If you’ve ever played the The Sims or watched someone else play - you’ll know the concept of a ‘woohoo’- when two sims (who have a romantic relationship) have sex. Oddly enough, this was my first ever introduction to sex and that fact still never fails to amuse me to this day. However, as I grew older I began to notice a particular pattern in the main forms of media I consume.
I mean, you look at sex in TV, movies and books and you have some relatable awkward first times or artistically seductive scenes to watch - content that doesn’t (always) feel weird to see, nor does it completely feel like it’s grinding the story to a halt. In video games though? You’re looking at some grade-A bullshit when it comes to sex.
Let’s be honest, video games are a relatively new medium compared to film and books, only starting to pick up steam around the 80s. The rise of arcade games and MUD’s (online text-based games) on the gaming scene allowed people to try exploring sexual themes. Funnily enough, MUD’s were actually where cyber-sex originated! In 1985, Nintendo released their first home console and they were so determined to maintain the integrity of their family-friendly image that they prohibited games with sexual content from being released on the NES. From that point onwards, consoles and mainstream games, in general, would remain mostly free of explicit sexual content. Until recently.
Games on consoles like Mass Effect and God of War 3 have attempted to include explicit content in gameplay. Mass Effect didn’t completely flop with this, but at the same time, sex in the game was weird to watch. This would be because of the ‘Uncanny Valley Effect’ - as something starts to look more human-like, there is a point at which people start to feel it looks wrong. Understandably, watching two high graphic humanoid beings having sex in a game can feel a little creepy to watch.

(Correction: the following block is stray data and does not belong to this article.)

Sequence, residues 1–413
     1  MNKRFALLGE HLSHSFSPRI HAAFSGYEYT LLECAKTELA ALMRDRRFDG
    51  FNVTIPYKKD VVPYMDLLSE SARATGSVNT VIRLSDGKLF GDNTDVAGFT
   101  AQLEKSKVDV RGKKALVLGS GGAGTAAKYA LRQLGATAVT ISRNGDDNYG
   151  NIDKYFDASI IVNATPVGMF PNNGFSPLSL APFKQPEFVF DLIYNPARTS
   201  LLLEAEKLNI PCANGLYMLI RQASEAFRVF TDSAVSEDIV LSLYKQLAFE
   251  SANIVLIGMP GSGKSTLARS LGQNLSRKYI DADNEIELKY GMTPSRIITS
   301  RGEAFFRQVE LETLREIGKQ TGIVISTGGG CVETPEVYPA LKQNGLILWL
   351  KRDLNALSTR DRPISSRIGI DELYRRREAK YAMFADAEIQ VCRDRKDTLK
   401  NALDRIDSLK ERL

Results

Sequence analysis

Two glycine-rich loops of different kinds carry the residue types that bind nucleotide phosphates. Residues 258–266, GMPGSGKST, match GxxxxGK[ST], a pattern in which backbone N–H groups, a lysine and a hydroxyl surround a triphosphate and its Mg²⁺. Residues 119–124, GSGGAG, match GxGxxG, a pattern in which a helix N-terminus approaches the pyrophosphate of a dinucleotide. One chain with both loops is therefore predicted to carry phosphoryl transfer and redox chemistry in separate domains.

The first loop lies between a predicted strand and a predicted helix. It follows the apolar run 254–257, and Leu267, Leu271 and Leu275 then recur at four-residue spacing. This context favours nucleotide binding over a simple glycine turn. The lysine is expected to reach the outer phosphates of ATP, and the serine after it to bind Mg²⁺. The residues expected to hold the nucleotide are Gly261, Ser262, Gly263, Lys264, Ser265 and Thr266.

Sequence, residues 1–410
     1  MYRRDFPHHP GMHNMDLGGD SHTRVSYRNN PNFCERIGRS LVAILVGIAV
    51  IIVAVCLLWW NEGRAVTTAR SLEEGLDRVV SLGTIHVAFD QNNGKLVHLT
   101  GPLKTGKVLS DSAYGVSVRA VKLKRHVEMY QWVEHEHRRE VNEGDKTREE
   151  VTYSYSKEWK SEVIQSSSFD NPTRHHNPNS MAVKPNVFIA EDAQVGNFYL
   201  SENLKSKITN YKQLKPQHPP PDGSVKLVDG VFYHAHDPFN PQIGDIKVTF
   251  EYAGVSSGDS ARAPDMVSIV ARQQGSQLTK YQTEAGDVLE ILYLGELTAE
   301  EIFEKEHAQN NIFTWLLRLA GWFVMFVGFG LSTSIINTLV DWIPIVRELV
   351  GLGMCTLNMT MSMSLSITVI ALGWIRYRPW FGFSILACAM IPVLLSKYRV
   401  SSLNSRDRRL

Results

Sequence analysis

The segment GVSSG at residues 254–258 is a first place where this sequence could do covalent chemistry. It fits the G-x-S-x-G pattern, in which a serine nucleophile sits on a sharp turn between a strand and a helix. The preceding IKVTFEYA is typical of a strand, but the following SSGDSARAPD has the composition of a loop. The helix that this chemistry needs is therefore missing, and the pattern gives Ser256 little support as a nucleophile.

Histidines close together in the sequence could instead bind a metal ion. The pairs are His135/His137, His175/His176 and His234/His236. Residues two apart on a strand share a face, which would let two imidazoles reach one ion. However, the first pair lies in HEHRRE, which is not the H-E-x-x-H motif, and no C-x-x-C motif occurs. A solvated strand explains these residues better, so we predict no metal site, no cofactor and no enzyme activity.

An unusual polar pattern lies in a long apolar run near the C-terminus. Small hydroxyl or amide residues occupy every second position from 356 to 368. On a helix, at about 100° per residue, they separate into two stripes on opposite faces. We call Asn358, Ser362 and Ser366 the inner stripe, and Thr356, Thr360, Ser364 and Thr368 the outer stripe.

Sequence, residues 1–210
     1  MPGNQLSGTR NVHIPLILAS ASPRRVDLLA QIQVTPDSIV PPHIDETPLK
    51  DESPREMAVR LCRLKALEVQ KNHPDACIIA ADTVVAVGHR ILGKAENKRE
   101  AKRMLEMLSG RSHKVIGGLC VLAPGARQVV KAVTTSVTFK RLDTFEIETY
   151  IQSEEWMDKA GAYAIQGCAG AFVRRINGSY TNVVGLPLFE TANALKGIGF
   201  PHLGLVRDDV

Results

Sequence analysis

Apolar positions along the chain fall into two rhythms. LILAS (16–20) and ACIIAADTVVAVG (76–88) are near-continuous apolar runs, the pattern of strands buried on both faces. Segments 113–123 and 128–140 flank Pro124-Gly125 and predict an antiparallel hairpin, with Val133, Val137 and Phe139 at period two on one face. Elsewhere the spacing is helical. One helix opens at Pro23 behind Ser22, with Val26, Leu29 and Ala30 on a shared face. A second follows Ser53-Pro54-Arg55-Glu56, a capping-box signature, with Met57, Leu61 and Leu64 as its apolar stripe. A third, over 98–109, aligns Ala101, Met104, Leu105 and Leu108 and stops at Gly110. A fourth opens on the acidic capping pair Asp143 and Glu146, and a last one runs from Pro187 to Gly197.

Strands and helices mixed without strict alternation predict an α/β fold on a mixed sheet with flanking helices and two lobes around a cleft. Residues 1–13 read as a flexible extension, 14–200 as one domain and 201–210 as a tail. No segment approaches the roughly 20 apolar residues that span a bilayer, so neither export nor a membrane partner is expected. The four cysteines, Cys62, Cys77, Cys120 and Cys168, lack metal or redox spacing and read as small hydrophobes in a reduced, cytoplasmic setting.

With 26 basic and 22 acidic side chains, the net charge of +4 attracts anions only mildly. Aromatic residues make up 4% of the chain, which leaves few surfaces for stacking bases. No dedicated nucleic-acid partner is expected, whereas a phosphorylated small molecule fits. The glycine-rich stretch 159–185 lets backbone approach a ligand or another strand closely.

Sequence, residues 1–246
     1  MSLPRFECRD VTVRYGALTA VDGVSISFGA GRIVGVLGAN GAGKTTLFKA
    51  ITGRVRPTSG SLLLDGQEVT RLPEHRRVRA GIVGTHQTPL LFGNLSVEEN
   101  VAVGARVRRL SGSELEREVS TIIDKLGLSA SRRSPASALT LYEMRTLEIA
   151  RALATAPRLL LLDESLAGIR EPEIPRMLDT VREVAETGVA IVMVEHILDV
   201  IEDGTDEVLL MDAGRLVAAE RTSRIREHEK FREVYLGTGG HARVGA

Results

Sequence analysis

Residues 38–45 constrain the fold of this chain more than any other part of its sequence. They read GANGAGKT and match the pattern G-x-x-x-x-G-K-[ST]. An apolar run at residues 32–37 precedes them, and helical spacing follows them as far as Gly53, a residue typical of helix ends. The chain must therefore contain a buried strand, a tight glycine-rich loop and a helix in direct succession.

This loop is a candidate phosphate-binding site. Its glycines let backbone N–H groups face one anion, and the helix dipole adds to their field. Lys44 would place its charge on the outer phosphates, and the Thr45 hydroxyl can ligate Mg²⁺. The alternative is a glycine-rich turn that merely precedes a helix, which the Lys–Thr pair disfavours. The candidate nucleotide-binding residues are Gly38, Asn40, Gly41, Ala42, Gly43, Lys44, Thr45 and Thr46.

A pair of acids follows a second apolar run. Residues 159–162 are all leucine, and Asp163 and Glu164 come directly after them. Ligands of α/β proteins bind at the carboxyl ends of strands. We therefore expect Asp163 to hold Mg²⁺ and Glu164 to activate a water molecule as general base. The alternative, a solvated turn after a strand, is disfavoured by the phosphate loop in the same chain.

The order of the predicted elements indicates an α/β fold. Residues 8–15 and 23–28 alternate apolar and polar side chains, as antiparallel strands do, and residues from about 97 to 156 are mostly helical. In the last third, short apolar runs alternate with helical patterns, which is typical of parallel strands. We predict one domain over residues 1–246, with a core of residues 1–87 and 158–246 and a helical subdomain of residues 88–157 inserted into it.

It’s the mechanised aspect of gameplay though, that makes it less than subpar, as to play a game you need input from the player to make the game work. Mainstream games such as The Witcher, and God of War have introduced sex as a game mechanic. Like in God of War, you skip out on the inevitable embarrassment of an awkward sex scene, but instead, you’ll be treated to a load of shaking bed frames, jumping candlesticks, and a particularly memorable scene that sees a fountain statue… well, spurt. All this courtesy of ill-chosen quick time events.
Not to say all sex in video games is bad. Assassins Creed: Origins and The Witcher 2 are standouts for how sex can be done right in a game without sacrificing immersion in gameplay or by sacrificing the pacing of the story. I think that such an interactive medium was always going to have trouble with this particular topic without it feeling gratuitous, but the stiff animations, cringe-worthy dialogue, the curious application of quick-time prompts and exploitive nature of some of the sex scenes definitely are not helping its cause. Sometimes sex can be important to the overall game, but I think developers need to consider that if they can’t find a way to incorporate it seamlessly - maybe the sex doesn’t need to be there.